The idea of a franking machine first occurred to co-founder Arthur H. Pitney in 1901. He was disturbed by the ease with which the office boys could steal the company’s stamps, so he applied his inventive mind to devising a machine which would combat petty pilfering.

Pitney engaged the services of a mechanical engineer, Eugene a. Rummler, to put his ideas into practice and a company, the Pitney Postal Machine Company was formed in 1902.

Pitney’s first franking machine made little headway at first with the US Post Office Department until 1903 when Rummler was permitted to demonstrate the machine in the headquarters of the US Post Office Department in Washington, D.C. The results of the first tests were sufficiently encouraging and a machine was installed in the office of the Third Assistant Postmaster General on 24th November 1903.

Discussions on the introduction of a general postage meter system were halted by the outbreak of the First World War. Nevertheless Pitney kept pressing his case. Finally in October 1919, Pitney met his future partner, Walter Bowes.

Born in Bradford in 1882, Walter Harold Bowes emigrated to the United States in 1893 and settled in Boston.

Through his friendship with the Maxim brothers, inventors of smokeless gunpowder and the machine-gun, Bowes met George H. Graham, the inventor of a high-speed cheque endorsing machine. The Universal Stamping Machine Company was formed in 1908 to market Graham’s machine and the following year Bowes joined the company as a salesperson.

Graham and Bowes worked on the idea of a stamp-cancelling machine. After a series of tests in Washington the first Universal cancelling machines were accepted by the U.S. Post Office in 1910. Having put the company on a sound financial basis, Bowes travelled to Europe in 1911 and sold cancelling machines to the postal administrations of Britain and Germany.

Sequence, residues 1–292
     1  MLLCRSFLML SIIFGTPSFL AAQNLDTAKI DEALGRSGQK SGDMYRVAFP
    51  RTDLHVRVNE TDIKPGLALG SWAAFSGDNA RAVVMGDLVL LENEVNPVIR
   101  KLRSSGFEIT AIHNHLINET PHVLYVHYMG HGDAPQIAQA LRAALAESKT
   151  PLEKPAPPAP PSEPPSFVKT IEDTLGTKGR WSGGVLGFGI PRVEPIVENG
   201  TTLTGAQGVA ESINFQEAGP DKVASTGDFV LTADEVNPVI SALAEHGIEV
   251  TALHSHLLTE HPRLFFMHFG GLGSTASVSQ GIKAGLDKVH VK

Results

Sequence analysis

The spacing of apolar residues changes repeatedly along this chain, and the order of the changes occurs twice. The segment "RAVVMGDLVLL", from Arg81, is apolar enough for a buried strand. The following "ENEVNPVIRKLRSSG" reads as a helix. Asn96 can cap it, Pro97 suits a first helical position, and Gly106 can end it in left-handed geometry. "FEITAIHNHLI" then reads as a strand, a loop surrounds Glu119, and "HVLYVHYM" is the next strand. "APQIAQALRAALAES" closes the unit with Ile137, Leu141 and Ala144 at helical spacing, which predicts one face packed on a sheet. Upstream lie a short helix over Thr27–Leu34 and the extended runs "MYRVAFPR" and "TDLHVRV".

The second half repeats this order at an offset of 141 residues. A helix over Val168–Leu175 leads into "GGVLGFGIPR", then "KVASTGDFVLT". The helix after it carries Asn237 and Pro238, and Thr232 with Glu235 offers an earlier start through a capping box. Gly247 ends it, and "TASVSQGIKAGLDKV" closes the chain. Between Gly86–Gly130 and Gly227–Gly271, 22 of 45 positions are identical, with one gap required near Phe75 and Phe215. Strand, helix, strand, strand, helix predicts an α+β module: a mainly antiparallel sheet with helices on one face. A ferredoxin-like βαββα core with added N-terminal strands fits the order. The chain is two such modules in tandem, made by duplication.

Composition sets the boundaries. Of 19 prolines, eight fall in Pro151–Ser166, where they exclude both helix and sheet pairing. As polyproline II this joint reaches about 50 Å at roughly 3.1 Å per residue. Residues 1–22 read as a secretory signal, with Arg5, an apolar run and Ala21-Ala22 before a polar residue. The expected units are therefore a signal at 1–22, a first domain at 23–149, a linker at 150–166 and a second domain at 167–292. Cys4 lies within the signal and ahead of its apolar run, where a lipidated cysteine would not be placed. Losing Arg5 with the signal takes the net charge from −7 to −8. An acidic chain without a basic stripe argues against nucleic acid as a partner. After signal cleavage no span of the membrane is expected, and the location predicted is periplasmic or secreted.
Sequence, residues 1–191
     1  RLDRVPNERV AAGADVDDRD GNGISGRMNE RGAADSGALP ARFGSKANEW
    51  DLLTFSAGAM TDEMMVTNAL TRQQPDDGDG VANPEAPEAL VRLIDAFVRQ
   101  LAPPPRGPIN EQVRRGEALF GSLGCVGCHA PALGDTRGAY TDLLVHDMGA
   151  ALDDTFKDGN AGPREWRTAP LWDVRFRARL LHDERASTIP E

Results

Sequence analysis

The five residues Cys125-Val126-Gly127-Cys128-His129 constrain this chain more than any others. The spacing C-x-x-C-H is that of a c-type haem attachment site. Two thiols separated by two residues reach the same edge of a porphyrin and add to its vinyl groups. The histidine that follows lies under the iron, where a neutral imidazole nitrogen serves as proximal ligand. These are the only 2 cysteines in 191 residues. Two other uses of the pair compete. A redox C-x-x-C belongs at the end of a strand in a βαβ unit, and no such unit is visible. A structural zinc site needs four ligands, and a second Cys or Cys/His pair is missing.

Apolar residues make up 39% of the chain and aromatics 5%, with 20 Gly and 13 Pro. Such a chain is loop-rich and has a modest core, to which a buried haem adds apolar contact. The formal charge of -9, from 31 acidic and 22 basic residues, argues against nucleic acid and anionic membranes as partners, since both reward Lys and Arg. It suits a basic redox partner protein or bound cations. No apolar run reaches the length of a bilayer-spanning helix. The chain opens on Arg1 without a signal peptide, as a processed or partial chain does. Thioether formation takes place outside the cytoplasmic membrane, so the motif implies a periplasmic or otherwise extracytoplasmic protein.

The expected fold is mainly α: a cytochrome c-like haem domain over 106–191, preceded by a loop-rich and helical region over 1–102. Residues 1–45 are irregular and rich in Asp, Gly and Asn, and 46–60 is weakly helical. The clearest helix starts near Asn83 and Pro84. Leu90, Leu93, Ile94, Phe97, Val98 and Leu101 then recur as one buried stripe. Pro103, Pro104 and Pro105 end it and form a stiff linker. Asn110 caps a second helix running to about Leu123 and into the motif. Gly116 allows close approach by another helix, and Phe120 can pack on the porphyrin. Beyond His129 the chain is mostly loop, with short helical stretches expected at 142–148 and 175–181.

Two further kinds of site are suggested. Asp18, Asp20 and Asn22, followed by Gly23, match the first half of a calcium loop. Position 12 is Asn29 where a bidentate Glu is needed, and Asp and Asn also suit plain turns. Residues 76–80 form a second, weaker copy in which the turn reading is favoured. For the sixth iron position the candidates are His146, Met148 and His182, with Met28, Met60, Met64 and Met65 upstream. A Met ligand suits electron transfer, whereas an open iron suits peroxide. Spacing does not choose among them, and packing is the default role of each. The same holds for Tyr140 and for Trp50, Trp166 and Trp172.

The following year Bowes heard of the Pitney trials with permit franking machines and promptly turned his attentions to the problem of dispensing with adhesive stamps altogether.

In the autumn of 1912 he wrote to the Third Assistant Postmaster General expressing interest in the Pitney Trials. Bowes proposed that the existing Universal stamp-cancelling machines could be adapted for permit mailing. Both men soon realised the advantages which would accrue from pooling their resources.

The Universal Postal Union Congress sanctioned the use of postage meters for use on 1st class mail on 28th April 1920. Five days earlier the Pitney Bowes Postage Meter Company was formed and subsequently the first franking machine – the model A was produced.

The first Pitney Bowes Model A franking machine was approved by the U.S. Post Office Department on 1st September 1920 and brought into use the following December.

For more than a decade the Universal Stamping Machine Company (Bowes’s original firm) had been supplying cancelling machines to the British Post Office and had developed an excellent relationship. The British officials were also impressed by the postage meter and had verified its reliability in the United States. Accordingly sanction was given to Pitney Bowes for their postage meter machines. The historic date was 17th May 1922, henceforth regarded as the birthday of postage meters in Britain. On the 5th September the first franking machine came into operation in the office of the Prudential Assurance Company in Holborn, London.

Now celebrating its 90th year of innovation, Pitney Bowes provides software, hardware and services that integrate physical and digital communications channels. Long known for making its customers more productive, Pitney Bowes is increasingly helping other companies grow their business. Pitney Bowes is a $5.6 billion company and employs 33,000 worldwide. Pitney Bowes: Every connection is a new opportunity™.

Source: The history of Pitney Bowes Limited. – Copyright © 1975 by S. T Roberts.

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